This was a fortunate decision because developments in the way the police and
the courts have to manage information mean that, unless it was a charity, the
whole concept of absolute, guaranteed anonymity for information would not work
today. The downside of being a charity, however, is that we have to fund it (with
some State help) and, during these difficult economic times, that is not easy.

The charity
costs only £4.5 million a year; a tiny sum compared with what we deliver. It
was some years ago now that an external consultant estimated that our value to
policing was £120 million a year.

As well as
Crimestoppers’ staff, trustees and volunteers (nearly 500 nationwide), I wanted
to thank four groups last night. First, the public – all those people who 24
hours a day, every day of the year, give us vital information. They are the stars
of the Crimestoppers’ “show” and they are the ones who have made a difference
in the fight against crime.

Secondly, the
police: after some initial reservations, the Metropolitan Police and other
forces up and down the country embraced the concept of Crimestoppers, even
though dealing with anonymous information is not always easy.

Thirdly, I
thanked the media, which has consistently highlighted our work and our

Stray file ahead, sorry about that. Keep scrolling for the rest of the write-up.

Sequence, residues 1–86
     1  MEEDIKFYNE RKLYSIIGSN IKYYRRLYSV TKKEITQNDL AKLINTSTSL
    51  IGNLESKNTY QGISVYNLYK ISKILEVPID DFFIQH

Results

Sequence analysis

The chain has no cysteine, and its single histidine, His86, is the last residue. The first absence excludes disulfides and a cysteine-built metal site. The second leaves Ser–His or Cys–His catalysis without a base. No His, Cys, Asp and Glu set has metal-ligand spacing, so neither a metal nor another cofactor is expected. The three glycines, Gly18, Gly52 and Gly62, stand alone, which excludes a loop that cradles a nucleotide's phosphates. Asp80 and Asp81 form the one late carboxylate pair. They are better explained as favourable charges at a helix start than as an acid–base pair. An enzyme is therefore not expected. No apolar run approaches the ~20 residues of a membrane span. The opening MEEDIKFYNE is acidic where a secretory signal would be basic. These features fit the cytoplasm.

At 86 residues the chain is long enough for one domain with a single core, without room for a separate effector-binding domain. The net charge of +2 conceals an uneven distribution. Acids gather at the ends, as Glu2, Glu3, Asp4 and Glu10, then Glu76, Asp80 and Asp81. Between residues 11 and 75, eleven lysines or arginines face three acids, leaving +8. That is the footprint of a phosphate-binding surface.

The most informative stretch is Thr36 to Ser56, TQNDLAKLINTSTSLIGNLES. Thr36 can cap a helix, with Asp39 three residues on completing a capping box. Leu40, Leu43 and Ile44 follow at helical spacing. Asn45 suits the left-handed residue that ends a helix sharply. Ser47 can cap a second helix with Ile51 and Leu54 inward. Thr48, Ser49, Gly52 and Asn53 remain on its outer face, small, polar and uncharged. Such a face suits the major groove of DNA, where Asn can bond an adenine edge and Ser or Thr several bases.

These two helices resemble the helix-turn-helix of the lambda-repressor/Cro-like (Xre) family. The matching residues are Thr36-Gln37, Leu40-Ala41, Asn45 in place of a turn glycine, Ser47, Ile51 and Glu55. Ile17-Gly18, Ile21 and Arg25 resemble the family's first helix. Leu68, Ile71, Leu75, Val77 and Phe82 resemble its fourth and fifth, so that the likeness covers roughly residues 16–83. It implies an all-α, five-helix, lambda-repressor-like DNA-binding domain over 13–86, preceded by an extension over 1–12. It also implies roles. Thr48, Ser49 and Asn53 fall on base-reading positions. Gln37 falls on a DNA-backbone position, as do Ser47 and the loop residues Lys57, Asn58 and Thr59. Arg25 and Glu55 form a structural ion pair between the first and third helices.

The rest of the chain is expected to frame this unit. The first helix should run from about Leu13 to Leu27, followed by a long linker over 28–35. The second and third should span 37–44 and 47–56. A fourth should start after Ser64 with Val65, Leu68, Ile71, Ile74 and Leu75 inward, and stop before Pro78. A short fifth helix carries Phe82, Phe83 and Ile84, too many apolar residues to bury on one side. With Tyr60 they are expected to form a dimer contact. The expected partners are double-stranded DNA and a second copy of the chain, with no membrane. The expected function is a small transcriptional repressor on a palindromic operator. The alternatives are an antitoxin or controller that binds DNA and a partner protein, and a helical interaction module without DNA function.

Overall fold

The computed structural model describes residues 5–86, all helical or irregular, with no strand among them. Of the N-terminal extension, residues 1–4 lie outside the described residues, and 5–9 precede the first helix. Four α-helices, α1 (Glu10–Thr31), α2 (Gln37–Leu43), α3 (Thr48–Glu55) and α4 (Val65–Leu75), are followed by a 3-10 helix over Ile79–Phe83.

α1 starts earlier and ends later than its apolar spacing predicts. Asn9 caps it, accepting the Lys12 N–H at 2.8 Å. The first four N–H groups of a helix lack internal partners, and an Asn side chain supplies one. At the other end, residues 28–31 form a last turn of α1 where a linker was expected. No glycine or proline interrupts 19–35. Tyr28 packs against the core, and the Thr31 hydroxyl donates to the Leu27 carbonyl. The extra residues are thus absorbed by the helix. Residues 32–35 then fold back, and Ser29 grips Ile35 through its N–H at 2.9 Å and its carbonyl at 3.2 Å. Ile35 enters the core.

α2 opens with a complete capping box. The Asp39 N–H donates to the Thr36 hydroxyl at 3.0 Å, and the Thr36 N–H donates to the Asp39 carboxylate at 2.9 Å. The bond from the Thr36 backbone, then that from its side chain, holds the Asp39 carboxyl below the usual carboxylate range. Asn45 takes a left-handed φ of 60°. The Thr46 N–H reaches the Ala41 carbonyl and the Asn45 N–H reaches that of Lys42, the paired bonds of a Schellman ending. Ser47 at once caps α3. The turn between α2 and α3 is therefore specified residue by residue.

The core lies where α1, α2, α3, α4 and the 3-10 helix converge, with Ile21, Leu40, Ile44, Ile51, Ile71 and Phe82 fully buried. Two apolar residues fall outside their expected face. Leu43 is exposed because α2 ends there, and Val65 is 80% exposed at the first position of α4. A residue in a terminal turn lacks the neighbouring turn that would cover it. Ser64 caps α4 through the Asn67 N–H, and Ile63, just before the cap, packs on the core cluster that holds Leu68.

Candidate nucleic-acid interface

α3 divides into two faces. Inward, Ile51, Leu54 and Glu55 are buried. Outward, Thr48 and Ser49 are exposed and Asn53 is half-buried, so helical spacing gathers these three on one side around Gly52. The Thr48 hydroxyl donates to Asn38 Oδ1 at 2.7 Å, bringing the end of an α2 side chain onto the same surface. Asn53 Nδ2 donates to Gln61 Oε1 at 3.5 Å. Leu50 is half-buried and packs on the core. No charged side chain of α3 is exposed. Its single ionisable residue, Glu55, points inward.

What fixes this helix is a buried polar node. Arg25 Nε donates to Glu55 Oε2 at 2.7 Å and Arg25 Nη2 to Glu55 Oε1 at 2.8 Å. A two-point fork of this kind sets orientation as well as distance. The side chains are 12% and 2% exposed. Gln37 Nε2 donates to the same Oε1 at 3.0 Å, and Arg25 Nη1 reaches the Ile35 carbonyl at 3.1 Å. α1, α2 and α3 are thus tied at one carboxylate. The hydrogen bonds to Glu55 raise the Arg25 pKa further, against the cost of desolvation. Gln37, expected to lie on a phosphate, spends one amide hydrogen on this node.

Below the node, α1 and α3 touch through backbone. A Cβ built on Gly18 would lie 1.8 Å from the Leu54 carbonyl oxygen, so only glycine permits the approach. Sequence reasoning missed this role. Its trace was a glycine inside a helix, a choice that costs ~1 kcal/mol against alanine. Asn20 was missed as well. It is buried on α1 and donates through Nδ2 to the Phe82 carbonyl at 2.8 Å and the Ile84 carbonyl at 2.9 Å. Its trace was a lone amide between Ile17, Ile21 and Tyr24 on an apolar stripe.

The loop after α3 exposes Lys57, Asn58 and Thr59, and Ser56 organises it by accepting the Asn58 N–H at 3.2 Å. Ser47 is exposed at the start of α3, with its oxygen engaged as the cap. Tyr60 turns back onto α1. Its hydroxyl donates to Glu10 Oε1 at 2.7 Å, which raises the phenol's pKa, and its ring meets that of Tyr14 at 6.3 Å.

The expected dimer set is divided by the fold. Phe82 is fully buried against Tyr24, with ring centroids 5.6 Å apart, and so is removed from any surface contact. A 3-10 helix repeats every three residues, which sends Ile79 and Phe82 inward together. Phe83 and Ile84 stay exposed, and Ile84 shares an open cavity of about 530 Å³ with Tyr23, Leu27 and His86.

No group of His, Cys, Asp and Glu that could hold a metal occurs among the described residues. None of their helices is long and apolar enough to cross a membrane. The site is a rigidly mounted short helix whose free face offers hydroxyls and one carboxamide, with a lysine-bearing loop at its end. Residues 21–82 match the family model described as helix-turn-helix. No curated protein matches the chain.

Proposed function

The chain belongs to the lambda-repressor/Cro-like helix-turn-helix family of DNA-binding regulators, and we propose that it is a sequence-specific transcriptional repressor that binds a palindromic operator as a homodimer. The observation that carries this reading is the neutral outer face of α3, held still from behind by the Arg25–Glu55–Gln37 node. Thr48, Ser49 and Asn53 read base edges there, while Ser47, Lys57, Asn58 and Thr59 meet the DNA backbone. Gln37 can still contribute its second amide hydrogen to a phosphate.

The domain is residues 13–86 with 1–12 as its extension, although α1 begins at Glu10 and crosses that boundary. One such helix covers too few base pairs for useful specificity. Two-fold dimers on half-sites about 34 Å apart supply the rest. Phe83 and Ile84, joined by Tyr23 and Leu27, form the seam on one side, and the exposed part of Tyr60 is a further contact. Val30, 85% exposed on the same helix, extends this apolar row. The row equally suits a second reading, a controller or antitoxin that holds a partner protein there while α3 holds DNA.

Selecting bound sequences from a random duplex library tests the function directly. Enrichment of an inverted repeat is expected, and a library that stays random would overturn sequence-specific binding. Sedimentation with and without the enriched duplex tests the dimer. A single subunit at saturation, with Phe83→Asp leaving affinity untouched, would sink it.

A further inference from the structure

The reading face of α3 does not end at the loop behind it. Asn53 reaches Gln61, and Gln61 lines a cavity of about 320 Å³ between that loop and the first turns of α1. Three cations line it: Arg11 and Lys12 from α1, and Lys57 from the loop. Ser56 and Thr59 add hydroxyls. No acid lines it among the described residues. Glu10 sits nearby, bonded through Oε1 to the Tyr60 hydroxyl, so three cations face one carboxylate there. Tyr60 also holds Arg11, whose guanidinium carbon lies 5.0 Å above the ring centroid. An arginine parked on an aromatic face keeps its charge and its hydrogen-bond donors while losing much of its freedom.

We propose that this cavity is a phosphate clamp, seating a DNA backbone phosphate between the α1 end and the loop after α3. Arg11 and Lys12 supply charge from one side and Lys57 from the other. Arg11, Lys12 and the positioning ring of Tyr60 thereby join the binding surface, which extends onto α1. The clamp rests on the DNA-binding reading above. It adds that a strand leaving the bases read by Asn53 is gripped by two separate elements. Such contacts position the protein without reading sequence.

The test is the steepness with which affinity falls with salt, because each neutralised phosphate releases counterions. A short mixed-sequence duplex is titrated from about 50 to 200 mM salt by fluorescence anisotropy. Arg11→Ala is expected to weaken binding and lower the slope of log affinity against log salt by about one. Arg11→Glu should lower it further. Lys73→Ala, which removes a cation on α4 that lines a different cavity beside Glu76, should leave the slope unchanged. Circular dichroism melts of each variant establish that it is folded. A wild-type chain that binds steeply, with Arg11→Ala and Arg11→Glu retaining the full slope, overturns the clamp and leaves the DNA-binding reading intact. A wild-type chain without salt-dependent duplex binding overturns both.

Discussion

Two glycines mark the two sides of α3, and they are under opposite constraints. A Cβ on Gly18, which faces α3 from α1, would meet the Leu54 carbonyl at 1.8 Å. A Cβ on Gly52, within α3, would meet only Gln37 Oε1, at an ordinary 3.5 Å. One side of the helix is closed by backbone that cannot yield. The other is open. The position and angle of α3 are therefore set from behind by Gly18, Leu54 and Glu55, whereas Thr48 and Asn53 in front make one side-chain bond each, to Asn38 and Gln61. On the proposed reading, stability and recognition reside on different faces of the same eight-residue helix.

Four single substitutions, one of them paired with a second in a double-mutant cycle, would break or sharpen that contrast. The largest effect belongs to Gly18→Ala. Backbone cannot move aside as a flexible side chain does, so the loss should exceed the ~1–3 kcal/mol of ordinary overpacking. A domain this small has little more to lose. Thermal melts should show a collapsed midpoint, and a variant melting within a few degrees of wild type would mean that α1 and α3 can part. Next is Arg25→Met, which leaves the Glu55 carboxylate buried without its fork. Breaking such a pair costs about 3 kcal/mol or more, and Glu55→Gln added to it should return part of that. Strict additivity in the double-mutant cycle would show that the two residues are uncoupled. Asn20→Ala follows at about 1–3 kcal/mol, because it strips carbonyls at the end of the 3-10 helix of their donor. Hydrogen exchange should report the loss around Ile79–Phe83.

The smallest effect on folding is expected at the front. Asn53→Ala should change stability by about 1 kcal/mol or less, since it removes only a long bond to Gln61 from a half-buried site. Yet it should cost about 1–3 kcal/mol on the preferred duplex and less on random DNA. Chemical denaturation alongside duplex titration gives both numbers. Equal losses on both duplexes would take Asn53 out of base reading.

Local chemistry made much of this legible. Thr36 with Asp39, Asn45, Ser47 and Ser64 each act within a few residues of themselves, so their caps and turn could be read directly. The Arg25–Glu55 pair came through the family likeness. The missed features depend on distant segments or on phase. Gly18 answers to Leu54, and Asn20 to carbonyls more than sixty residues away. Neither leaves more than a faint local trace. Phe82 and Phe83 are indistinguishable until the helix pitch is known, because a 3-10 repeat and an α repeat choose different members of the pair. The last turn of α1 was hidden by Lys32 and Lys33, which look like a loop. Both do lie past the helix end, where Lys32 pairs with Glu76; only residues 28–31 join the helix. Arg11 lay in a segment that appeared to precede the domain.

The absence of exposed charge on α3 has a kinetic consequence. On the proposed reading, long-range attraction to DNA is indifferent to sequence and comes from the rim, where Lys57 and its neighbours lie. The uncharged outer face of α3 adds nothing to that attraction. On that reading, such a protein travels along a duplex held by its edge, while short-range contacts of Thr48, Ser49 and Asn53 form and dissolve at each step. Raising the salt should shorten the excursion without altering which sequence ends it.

campaigns and thereby provided an effective – and also cost effective – way of
connecting Crimestoppers with the public.

Last but
not least, I thanked businesses. They have also been an important contributor
to our success by providing funding for our work, as well as extending the
reach of our message to their staff and customers.

Our next
campaign will be the largest and most expensive that Crimestoppers has ever
mounted. Over the next 15 months, we are going to run a phased set of campaigns
– this time paying for some advertising – to raise public awareness of
Crimestoppers and what we do to a completely new level.

This
campaign, which will involve a major fund-raising programme next year, is going
to have a real impact. I have funded the first half of it myself, which means
that we can start out in five major conurbations where we believe that we can
make a difference. We still need the rest of the money to expand our work and
so if there is anyone out there prepared to help, now is the time to contact
Crimestoppers.

To
summarise: the first 25 years have been a great success and it is the success
of a unique partnership, with everyone working with us and helping us to
produce the high quality intelligence that has done so much to enable us to
catch criminals, both at home and abroad.

Crimestoppers
is still here today because we have always refused to rest on our laurels. Now
we are going to raise our game again and, at an important juncture in time,
encourage more and more people to feel they have a part to play too. However,
for all those who have contributed to the first 25 years of fighting crime
together: thank you.

> Those wanting to
know more about the work of Crimestoppers should visit
www.crimestoppers-uk.org